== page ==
I do know cooking since a young kid being forced into it by my mom as her helper. I hated w/ passion then but now thanks God for my mother’s foresight :). That was 55 years ago. Then I was an VNAF aviator traveling all 4 military zones, eating Vietnamese foods from fancy to primitives. Today in America, I’m the family chef making foods of the bygone area for my children then & now when they come home to visit the downhill people.
    As original recipe way back then in Vietnam my time, they have only beef shanks as the main meat hence the name Beef Noodle Hue -directly translated. In the south they add Gio Heo (pork hock) and HuyαΊΏt (pork blood) so the dish became Bun Bo Gio Heo (no Hue string attached). As a result, in Vietnam back then, both versions were served every where but making sure you ordered the right stuffs. There is no Cha Lua, Cha Que whatsoever served in the food with exception of some versions of Banh Cuon & Banh Mi (Banh Mi Cha Lua is a poor man dinner then) or side dish by itself but these 2s started showing up almost in all dishes after 1975. I speculate it’s the cheap filled in (cheap pork fat & meat to fill in for the lack of real meats needed in noodle soups) due to the 15 years of poor economy conditions of Vietnam after 1975. Side note: Do you know Pho Bo Vien (Meat Ball Pho) was mostly served by Chinese Vietnamese Pho but not in authentic Vietnamese Pho?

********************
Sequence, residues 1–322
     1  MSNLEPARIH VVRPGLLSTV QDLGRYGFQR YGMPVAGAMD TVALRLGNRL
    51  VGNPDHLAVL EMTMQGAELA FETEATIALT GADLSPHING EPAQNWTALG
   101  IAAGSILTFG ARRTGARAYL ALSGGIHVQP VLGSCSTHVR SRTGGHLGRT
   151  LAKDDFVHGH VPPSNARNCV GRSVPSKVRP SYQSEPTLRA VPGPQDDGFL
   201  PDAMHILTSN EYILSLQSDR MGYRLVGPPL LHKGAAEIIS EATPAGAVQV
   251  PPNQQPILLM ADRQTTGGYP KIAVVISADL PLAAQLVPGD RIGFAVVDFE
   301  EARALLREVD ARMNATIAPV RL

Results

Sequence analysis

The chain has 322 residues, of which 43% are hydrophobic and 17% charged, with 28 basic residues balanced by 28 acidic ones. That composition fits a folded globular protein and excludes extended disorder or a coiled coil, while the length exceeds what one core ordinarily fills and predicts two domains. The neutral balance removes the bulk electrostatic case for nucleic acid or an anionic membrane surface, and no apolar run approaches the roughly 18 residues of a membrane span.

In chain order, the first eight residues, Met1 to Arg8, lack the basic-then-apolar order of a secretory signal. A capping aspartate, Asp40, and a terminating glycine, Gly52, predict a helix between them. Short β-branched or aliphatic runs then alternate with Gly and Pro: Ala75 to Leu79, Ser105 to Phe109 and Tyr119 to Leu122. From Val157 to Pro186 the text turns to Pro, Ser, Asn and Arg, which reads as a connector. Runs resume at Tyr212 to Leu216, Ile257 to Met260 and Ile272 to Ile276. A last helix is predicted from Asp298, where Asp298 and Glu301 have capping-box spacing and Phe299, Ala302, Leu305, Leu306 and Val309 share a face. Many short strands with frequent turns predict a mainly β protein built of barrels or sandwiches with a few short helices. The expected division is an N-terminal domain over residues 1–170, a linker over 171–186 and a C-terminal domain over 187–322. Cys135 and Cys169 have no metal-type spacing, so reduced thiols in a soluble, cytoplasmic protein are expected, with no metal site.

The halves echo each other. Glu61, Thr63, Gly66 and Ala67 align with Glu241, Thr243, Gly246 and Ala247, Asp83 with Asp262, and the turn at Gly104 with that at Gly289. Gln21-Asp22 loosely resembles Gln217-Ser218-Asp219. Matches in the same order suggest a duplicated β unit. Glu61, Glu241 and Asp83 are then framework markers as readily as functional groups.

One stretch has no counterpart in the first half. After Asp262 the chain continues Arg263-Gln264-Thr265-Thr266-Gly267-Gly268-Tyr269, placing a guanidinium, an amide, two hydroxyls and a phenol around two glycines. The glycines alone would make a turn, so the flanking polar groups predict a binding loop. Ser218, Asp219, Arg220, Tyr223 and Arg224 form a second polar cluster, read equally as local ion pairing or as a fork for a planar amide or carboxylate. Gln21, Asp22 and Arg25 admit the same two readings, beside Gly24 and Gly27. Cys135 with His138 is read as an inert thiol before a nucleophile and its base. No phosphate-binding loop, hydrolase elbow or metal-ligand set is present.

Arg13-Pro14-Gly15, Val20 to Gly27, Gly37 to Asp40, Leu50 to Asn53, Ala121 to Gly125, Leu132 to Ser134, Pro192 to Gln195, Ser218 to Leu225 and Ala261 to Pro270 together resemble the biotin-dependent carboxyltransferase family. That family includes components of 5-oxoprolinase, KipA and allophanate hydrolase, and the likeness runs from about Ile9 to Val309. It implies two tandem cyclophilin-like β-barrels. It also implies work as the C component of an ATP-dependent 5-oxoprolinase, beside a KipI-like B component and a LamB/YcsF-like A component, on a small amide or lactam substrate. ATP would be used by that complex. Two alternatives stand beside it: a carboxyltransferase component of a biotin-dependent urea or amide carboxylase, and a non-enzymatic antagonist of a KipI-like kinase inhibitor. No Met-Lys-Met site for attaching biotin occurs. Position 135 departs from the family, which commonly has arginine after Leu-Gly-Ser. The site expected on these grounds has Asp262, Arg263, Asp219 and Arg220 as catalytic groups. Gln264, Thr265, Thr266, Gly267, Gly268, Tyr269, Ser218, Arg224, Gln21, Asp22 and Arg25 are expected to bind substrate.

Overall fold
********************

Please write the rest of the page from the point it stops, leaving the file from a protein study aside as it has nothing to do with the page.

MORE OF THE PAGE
That’s the reference recipe I’ve known of minus the star anise (your stated intention) and Cha Lua/Cha Que. The rest is probably the best Bun Bo Hue recipe how to I’ve seen so far in addition to the best flow format & structure. Thanks for all the works.

    1. Wow I loved learning from you the history and different ways to prepare this dish from different regions! Thank you for this, I always love learning these things! πŸ™‚ I have seen Pho Bo Vien in restaurants but I had no idea it was a Chinese Vietnamese version of Pho! Learn something new everyday! πŸ™‚ Isn’t it funny how different our food and cooking views become when we get older? As a kid, I learned to cook because my mom didn’t cook much (my dad was the home cook but he would work late hours often and wouldn’t be home for dinner much) so your kids are very lucky to have you cook such delicious things for them! If I was your kid, I would definitely visit you ALL THE TIME to have home cooked meals – those are very comforting times! πŸ™‚ Thank you so much for your kind words about the recipe and the structure, it means a lot to me and I am very happy and touched by it. πŸ™‚

  12. Your photos of this dish are absolutely gorgeous! This is by far one of my favorite Vietnamese dishes. I loooove how spicy it is and the combination of beef and pork gives such a rich and delicious broth! Well done girl!!

  13. I am on my way to purchase the additional ingredients I need to prepare this. I would like to thank you for simplifying this recipe for me and for the humorous commentary!

    1. Yay!! πŸ™‚ I am so happy you are preparing this! I think you’re the first person that finds me humorous and not odd! haha! πŸ™‚ Hope you enjoy the noodles – now I want a bowl too! heehee!